Achaemenid Silver Phiale
An ancient Achaemenid silver lobed phiale (offering bowl) with embossed decoration showing a stylized lotus-flower design on the interior. Hammered from a single thick piece of silver sheet.
Ca. 5th-4th century BC.
Phialai were used by the Persian king and he gave them as gifts to his honored guests, as did Persian provincial governors across the empire. As a result they became markers of high status in the Persian Empire. People who had no royal connections might have phialai made for themselves by local metalworkers in silver or bronze. This accounts for many variations of these vessels known today.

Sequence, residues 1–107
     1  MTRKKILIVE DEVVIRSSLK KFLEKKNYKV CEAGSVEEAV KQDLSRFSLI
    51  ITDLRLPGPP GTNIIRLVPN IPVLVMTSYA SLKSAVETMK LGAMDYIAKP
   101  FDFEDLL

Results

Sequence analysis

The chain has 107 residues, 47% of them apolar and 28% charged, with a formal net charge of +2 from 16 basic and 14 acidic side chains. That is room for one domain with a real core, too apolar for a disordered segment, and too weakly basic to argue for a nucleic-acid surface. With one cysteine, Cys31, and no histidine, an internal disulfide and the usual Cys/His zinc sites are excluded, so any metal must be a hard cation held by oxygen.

Cf. Metropolitan Museum of Art, inv. no. 47.100.84, and British Museum, inv. no. 1994,0127.1, both bearing royal inscriptions along the rim.
Formerly in a New York private collection.